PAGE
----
Divine Service (Eastern Orthodoxy)

Divine Service is the term used in the Eastern Orthodox Church to describe the daily cycle of public services celebrated in the temple.

Roman Rite Most widespread liturgical rite in the Latin Church

The Roman Rite is the main or Western liturgical rite of the Roman Catholic Church, the main particular church sui iuris of the Catholic Church. It is the most widespread liturgical rite in Christianity as a whole. The Roman Rite gradually became the predominant rite used by the Western Church, developed out of many local variants from Early Christianity on, not amounting to distinctive rites, that existed in the medieval manuscripts, but have been progressively reduced since the invention of printing, most notably since the reform of liturgical law in the 16th century at the behest of the Council of Trent (1545–63) and more recently following the Second Vatican Council (1962–65).

Benediction of the Blessed Sacrament

Benediction of the Blessed Sacrament, also called Benediction with the Blessed Sacrament or the Rite of Eucharistic Exposition and Benediction, is a devotional ceremony, celebrated especially in the Roman Catholic Church, but also in some other Christian traditions such as Anglo-Catholicism, whereby a bishop, priest, or a deacon blesses the congregation with the Eucharist at the end of a period of adoration.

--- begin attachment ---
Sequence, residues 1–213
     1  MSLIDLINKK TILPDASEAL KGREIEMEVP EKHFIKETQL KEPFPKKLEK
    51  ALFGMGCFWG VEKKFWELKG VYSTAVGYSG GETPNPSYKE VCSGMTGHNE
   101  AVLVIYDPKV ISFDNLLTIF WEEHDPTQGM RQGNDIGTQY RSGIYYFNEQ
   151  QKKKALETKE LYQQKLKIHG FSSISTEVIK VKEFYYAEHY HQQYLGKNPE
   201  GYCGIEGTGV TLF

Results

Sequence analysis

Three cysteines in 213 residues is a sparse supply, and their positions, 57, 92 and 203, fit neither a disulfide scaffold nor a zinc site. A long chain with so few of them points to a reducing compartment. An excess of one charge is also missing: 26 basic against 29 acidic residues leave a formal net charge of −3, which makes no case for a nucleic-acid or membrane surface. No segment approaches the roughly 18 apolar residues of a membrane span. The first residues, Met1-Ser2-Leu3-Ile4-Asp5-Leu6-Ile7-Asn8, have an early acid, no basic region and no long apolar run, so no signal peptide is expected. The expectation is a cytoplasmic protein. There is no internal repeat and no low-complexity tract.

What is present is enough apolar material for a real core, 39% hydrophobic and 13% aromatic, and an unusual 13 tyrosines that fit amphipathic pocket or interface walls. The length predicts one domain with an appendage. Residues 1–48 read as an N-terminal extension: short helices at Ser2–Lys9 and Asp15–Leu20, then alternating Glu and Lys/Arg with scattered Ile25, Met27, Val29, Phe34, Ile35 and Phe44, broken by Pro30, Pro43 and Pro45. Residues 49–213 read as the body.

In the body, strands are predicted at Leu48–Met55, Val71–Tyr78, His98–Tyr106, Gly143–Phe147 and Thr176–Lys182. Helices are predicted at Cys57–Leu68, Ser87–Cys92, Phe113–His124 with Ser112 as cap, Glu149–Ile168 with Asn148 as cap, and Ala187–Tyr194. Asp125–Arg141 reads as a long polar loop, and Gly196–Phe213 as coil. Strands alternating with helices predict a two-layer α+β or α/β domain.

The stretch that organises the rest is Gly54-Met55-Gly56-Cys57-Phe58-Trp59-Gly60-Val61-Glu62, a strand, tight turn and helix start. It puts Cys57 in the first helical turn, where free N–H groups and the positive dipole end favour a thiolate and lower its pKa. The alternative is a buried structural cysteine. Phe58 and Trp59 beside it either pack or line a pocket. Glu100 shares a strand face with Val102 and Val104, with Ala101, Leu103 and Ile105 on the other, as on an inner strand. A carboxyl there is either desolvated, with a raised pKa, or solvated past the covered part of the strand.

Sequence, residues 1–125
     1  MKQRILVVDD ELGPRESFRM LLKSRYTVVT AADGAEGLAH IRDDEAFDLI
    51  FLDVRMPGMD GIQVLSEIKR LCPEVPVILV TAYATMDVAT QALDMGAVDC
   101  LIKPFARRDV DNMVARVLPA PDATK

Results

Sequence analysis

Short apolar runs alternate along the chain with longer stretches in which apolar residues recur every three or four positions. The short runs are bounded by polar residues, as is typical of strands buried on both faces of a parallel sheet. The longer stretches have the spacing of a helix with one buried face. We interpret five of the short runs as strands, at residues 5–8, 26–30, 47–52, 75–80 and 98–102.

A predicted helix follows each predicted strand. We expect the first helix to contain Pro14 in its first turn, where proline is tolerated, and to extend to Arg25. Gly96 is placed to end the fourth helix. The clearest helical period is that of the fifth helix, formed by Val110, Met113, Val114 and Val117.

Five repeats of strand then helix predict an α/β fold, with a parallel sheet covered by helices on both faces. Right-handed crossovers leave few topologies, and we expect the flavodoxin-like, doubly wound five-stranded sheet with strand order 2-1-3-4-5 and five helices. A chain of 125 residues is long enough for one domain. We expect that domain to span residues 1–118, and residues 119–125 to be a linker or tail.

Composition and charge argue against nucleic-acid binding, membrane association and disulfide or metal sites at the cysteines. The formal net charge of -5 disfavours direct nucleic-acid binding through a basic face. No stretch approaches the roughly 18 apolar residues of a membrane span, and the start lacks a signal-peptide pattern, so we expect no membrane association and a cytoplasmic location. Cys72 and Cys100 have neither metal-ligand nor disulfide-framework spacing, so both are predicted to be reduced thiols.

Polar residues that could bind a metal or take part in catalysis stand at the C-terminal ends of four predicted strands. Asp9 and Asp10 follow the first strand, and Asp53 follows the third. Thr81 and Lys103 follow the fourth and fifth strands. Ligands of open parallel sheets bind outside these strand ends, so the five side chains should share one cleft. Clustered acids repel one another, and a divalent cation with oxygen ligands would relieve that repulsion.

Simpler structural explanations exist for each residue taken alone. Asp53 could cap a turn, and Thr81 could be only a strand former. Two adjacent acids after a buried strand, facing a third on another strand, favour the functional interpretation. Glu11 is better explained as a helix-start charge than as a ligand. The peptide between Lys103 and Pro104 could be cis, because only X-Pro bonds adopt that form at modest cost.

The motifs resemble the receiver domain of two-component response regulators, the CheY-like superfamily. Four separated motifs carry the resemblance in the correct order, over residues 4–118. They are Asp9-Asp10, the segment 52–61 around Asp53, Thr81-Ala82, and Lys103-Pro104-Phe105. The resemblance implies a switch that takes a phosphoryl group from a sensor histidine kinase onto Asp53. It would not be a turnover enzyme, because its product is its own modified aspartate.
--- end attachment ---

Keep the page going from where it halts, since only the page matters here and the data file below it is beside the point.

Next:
In the history of Christianity, the African Rite refers to a now defunct Christian, Western liturgical rite, and is considered a development or possibly a local use of the primitive Roman Rite. Centered around the Archdiocese of Carthage in the Early African church, it used the Latin language.

The Liturgical Movement began as a 19th-century movement of scholarship for the reform of worship within the Roman Catholic Church. It has developed over the last century and a half and has affected many other Christian churches, including the Church of England and other churches of the Anglican Communion, and some Protestant churches. A similar reform in the Church of England and Anglican Communion, known as the Oxford Movement, began to change theology and liturgy in the United Kingdom and United States in the mid-nineteenth century. The Liturgical Movement has been one of the major influences on the process of the Ecumenical Movement, in favor of reversing the divisions which began at the Reformation.